Post WWI Belgium Honors American War Dead

On November 11, 1918, the guns of World War I fell silent, but the work for some was just beginning – the work of bringing home the bodies of America’s fallen.

Edward J. Bayon was one man doing that work. Bayon reported in a short memoir that in April of 1921, he was assigned by the Graves Registration Service to escort a convoy of three barges from Porte Moselle, France to Antwerp, Belgium. The barges were carrying 952 caskets bearing the bodies of America’s war dead.

On April 22 at Riviere, Belgium, Bayon and the barge crews were met by the “whole town,” including the mayor and other dignitaries carrying flags and flowers. The grateful Belgians placed wreaths on the barges and spread the word to the towns ahead that the fallen Yanks were coming. Two days later, on the approach to Liege, Belgium, Bayon said that “crowds were beginning to line the banks.” The convoy stopped at Liege and received a reception that must have moved more than one man on the convoy to tears.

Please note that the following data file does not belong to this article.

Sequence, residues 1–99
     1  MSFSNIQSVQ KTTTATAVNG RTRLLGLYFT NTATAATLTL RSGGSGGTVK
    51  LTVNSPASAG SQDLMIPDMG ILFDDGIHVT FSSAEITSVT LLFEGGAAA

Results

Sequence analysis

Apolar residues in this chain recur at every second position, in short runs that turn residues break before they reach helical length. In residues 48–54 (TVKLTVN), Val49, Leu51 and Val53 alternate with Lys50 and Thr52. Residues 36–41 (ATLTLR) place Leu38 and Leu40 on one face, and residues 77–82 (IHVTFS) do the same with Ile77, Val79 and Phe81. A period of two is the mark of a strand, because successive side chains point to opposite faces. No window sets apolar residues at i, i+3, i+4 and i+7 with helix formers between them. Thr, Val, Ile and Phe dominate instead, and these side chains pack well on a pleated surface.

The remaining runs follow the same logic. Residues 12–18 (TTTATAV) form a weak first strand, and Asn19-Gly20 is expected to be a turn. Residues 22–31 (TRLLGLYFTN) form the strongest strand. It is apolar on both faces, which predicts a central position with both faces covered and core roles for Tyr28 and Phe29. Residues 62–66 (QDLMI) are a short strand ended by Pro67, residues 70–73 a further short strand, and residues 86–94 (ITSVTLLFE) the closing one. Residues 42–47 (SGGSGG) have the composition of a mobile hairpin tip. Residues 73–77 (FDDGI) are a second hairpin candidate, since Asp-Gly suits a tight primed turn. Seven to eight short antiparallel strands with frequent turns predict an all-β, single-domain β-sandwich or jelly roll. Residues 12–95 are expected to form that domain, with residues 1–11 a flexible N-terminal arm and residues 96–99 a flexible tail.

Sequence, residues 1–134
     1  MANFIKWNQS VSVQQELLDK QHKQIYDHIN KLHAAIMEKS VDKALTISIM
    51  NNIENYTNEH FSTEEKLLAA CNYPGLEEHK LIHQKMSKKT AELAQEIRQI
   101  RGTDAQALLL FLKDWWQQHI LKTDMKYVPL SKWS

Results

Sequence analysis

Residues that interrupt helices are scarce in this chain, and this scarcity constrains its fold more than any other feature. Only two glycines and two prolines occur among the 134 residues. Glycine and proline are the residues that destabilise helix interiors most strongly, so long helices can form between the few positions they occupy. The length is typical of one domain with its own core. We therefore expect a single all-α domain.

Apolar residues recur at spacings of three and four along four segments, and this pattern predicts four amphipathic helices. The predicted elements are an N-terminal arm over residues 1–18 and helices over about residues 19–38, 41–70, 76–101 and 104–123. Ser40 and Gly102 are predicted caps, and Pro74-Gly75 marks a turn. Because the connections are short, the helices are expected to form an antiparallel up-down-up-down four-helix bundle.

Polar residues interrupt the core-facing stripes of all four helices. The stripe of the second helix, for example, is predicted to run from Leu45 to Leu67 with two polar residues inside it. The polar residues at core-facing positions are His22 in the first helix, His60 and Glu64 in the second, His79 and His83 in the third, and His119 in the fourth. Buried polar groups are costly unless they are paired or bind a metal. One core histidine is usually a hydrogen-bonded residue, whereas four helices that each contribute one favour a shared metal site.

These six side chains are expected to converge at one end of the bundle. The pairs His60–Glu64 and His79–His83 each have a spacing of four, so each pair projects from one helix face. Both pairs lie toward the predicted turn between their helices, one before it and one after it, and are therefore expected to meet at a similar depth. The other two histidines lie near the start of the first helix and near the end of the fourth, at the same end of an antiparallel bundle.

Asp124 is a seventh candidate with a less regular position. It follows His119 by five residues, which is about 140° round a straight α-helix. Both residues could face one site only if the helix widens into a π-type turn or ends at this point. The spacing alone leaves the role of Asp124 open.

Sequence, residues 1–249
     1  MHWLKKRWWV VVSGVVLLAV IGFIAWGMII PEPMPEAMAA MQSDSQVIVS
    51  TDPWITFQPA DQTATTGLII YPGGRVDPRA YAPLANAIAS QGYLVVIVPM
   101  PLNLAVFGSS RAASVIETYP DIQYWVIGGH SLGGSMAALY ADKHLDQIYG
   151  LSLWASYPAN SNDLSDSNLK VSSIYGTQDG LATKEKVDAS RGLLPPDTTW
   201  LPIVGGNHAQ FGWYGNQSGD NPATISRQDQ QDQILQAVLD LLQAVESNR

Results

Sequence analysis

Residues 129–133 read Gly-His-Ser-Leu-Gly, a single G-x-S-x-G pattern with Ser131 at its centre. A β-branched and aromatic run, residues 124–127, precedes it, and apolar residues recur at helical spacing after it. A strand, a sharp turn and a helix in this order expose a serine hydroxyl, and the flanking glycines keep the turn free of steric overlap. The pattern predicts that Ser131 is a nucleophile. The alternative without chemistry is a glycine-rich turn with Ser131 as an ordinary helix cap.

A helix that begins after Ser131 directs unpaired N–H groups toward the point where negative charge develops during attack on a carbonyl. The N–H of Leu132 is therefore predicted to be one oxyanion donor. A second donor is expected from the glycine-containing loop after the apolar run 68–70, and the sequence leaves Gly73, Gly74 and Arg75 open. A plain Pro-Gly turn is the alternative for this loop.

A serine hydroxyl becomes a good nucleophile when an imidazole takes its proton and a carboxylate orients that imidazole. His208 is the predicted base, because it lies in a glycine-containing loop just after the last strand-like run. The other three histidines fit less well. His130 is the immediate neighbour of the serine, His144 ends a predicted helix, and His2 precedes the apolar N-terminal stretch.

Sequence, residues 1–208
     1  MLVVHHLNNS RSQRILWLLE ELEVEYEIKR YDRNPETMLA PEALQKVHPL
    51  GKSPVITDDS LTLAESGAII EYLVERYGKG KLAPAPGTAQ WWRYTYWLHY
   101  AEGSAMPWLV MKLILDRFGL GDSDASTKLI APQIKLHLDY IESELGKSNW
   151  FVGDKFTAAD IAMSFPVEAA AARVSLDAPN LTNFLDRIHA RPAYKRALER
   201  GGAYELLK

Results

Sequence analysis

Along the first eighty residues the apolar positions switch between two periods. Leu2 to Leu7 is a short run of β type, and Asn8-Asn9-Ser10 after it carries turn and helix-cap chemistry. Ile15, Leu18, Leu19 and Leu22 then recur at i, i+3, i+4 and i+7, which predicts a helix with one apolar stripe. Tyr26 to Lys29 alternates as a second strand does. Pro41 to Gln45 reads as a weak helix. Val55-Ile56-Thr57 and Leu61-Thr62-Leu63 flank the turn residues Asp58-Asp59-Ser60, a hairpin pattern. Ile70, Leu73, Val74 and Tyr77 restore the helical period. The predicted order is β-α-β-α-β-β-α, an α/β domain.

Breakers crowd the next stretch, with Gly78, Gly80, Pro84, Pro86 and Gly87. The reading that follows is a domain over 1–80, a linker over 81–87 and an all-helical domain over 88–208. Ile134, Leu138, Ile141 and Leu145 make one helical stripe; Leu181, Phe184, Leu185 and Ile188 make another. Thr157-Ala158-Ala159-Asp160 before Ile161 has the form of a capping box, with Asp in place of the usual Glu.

On entering Liege a salute of cannons was fired and a cavalry regiment met us and escorted us on both sides of the canal into the city. Bugles sounded the Belgium taps as thousands of people lined the banks and bridges over the canal. At the last lock, before the center of town was reached, a Military band boarded the first barge and played dirges soft & low. Everyone was uncovered and many women were kneeling praying and weeping…

The barges were then literally covered with beautiful wreaths and flowers. The band then played the American and Belgium anthems as we proceeded to the next lock with the cavalry still accompanying us. At this lock a repetition of the reception occurred with school children, boys dressed in blue and girls in white lined along the banks with flags.

Six days after the honors were bestowed on the American war dead passing through Liege, the convoy arrived at Antwerp. Bayon then turned the 952 fallen heroes over to the next guardian on their slow, long-awaited, and much deserved trip home.

Happy Veteran’s Day, and again, thanks to all those that have done their duty in defense of this Great Country.

To read Edward J. Bayon’s full account of his journey, please visit this link at the Veterans History Project.

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